“Yes, sir,” she answered again.
“Well then,” he began, “I know another man who wants you—this stage idea is not the only way out of the store. Remember you’re not to speak—this other man wants to marry you.”
A scarlet flush sprang to Mary’s face and slowly ebbed away again leaving her deadly pale. She kept her word in letter but hardly in spirit for she looked at him through tear-filled eyes, and shook her head.
“Of course you can’t be expected to take to the idea just at first,” said he, as if she had spoken, “but I want you to think it over. The man is a well-off, gentlemanly sort of chap. Miles too old for you of course—for you’re not twenty and he’s nearly forty—but I think he would make you happy. I know he’d try with all the strength that’s in him.”
Blank incredulity was on Mary’s face. She glanced at the watch and up at him and again she shook her head.
“This man,” Burgess went on, “is a friend of Miss Masters and it was through her that he first heard of the Lady Hyacinths. He was an idler then. A shiftless, worthless loafer, but the Lady Hyacinths made a man of him and he’s gone out and got a job.”
Comprehension overwhelming, overmastering, flashed into Mary’s eyes. But her promise held her silent and in her chair. Again it was as though she had spoken.
“Yes, I see you understand—you probably think of me as an old man past the time of love and yet I love you.”
“Doubt thou the stars
Doubt that the sun doth move;
Doubt truth to be a liar;
But never doubt I love.”
“That’s all I have to offer you, sweetheart. Just love and my life,” and he in turn went to the window and looked out into the gathering dusk.
Mary sat absolutely still. She knew now that she was dreaming. Just so the dream had always run and when the five minutes were past, she rose and went to him: a true Ophelia, her arms all full of hyacinths.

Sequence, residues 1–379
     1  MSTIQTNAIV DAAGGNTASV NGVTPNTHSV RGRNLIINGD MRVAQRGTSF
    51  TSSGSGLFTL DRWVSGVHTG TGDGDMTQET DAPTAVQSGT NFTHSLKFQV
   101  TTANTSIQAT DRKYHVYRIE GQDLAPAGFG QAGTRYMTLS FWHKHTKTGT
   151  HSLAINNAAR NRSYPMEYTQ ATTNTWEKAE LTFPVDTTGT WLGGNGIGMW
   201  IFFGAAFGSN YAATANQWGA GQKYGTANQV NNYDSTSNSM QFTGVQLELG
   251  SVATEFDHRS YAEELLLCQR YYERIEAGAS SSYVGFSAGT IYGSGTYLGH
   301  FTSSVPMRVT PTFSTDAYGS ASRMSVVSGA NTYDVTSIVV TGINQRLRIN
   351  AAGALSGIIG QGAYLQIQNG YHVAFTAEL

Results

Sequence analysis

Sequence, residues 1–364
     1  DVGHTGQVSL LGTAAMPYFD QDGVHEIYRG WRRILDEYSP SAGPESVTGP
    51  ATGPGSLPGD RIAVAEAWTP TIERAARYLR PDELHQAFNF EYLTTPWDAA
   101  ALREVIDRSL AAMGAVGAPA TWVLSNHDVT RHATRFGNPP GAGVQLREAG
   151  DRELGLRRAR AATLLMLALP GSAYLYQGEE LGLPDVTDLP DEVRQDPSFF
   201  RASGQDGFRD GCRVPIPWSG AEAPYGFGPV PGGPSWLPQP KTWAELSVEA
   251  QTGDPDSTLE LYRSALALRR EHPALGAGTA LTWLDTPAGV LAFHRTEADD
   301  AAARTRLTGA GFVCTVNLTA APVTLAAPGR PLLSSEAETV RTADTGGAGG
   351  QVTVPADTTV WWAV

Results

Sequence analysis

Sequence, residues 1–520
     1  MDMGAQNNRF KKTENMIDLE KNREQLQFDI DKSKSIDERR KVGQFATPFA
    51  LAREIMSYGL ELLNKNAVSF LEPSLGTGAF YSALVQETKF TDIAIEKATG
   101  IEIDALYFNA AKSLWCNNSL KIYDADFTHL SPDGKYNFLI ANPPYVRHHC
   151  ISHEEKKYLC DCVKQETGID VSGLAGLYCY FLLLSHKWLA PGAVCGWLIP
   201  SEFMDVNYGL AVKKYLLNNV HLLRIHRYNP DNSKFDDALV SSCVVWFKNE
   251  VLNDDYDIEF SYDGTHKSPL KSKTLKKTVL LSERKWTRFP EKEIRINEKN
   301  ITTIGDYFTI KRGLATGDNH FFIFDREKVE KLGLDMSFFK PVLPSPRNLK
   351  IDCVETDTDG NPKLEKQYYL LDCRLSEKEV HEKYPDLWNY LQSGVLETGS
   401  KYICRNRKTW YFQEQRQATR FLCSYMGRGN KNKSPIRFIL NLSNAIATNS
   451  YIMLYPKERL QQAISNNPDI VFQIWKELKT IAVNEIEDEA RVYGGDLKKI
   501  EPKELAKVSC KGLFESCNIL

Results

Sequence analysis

“My honored Lord,” said she. He turned, and the dream held.
The Pennsylvania Limited was approaching Jersey City and the afternoon was approaching three o’clock when Mr. John Blake turned to Mrs. John Blake, nee Marjorie Underwood, a bride of about three hours, and precipitated the first discussion of their hitherto happy married life.
“Your Uncle Richard Underwood,” said he—the earlier discussions in the wedded state are usually founded upon relations—“is as stupid as he is kind. It was very good of him to arrange that I should meet old Nicholson. Any young fellow in the country would give his eyes for the chance. But to make an appointment for a fellow at four o’clock in the afternoon of his wedding day is a thing of which no one, except your Uncle Richard, would be capable. He might have known that I couldn’t go.”
“But you must go,” urged the bride, “it’s the chance of a lifetime. Besides which,” she added with a pretty little air of practicality, “we can’t afford to throw away an opportunity like this. We may never get another one, and if you don’t go how are you to explain it to Uncle Richard when we dine there to-morrow night?—you know we promised to, when he was last at West Hills.”